Stoves


Optimus Crux

The Crux from Optimus. The burner head folds down to a very flat profile and weighs only 85g.

The Crux was my back-up stove during the New England bicycle tour 2016 and the Grand Canyon trip 2017.
The cook stand is only suitable for smaller pots. The point of balance is high up. Particulare with a full pot on top there is a risk of tipping it over. One must reach right underneath the flame and hot food to turn the regulator. Therefore the additional tripod, which clips underneath the cartridge, is a must-have safety feature.
Not a 4-season burner.  At temperatures near 0°C the fuel may no longer turn into gas.

Still a great little back-up stove anywhere with not so cold temperatures.



Optimus Vega

With 180g the Vega is twice as heavy as its feather-weight brother, the Crux, but the low profile and the wide cook stand makes it suitable for larger pots and pans. There is less risk to tip pots over and spill hot content. Also the regulator is not directly underneath the pots. Which makes it's saver to handle.
Biggest advantage - it is a 4-season burner. Turn the gas canister upside down, on the integrated stand, and liquid fuel will flow into the coil above the burner head, where the heat will turn the liquid into gas. This should keep the burner going even at solid temps under 0°C.

The Vega gas burner from Optimus was my stove of choice for my tours in 2017: Hawaii, Iceland and Grand Canyon.



Bushbox Pocket Stove

The Bushbox is a multifuel stove from the german company Bushcraft Essentials. The stainless steel version weighs 270g. 

It's designed to burn wood, but will burn any kind of organic material and can also be used in combination with the Trangia burner.
It is rather small, but with the right technique it's absolutly possible to keep a small wood fire going to cook food on it.
For more ambitious cooking I'd recommend the Bushbox XL (see below).



Bushbox XL, Titanium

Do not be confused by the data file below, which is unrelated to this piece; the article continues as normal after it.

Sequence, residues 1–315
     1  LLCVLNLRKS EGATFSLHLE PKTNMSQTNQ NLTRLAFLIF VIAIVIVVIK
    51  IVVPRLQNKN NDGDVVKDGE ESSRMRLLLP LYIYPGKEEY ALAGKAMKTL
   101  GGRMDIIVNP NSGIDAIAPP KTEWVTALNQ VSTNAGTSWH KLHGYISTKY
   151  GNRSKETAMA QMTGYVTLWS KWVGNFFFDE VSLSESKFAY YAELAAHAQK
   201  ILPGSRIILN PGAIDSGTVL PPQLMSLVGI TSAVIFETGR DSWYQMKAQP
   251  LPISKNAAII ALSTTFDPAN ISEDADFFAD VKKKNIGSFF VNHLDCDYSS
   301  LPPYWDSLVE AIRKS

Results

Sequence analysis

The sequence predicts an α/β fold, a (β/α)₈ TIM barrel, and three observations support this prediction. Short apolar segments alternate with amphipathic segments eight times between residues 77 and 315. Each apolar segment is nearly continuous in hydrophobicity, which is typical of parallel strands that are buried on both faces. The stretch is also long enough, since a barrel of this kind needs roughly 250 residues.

With 500g it is the heaviest of all my stoves, but the most capable, when it comes to ambitious cooking projects. The stove may be somewhat heavy, but...you don't need to carry fuel. Simply collect it as you go. So it is a draw. If you know the how-to of setting up a solid little cooking fire you'll enjoy cooking real meals.
I cooked pretty much all my evening meals on the Bushbox XL during those 6 weeks traveling New England. 
I had the Optimus Crux as back-up stove with me, but used it only in the morning to brew tea or coffee.

The Bushbox XL from Outdoor Essentials was my main stove during my New England bicycle tour in 2016. 


Fried scallops.                                             Scallops with linguine.                            Stir fried vegetables.                               Vegetable-pasta pan.                             Green asparagus with scallops.


Trangia 27 Cooking Set

The Trangia 27 was my cook set during the Alaska 2012 backpacking trip.

My Trangia set is 25 years old. The complete set consists of 2 pots (1L), 1 frypan (18cm), 1 kettle (0.5L), upper and lower windshield, an alcohol burner, a pan grip and a strap. This whole set-up weighs 1050g. Mind you, the materials of the latest Trangia 27 version weigh around 200g less.

The burner uses methylated alcohol as fuel. It is nearly indestructible, easy to use, burns noiseless. It doesn't give off toxic fumes and like fondue burners can be savely used inside of rooms.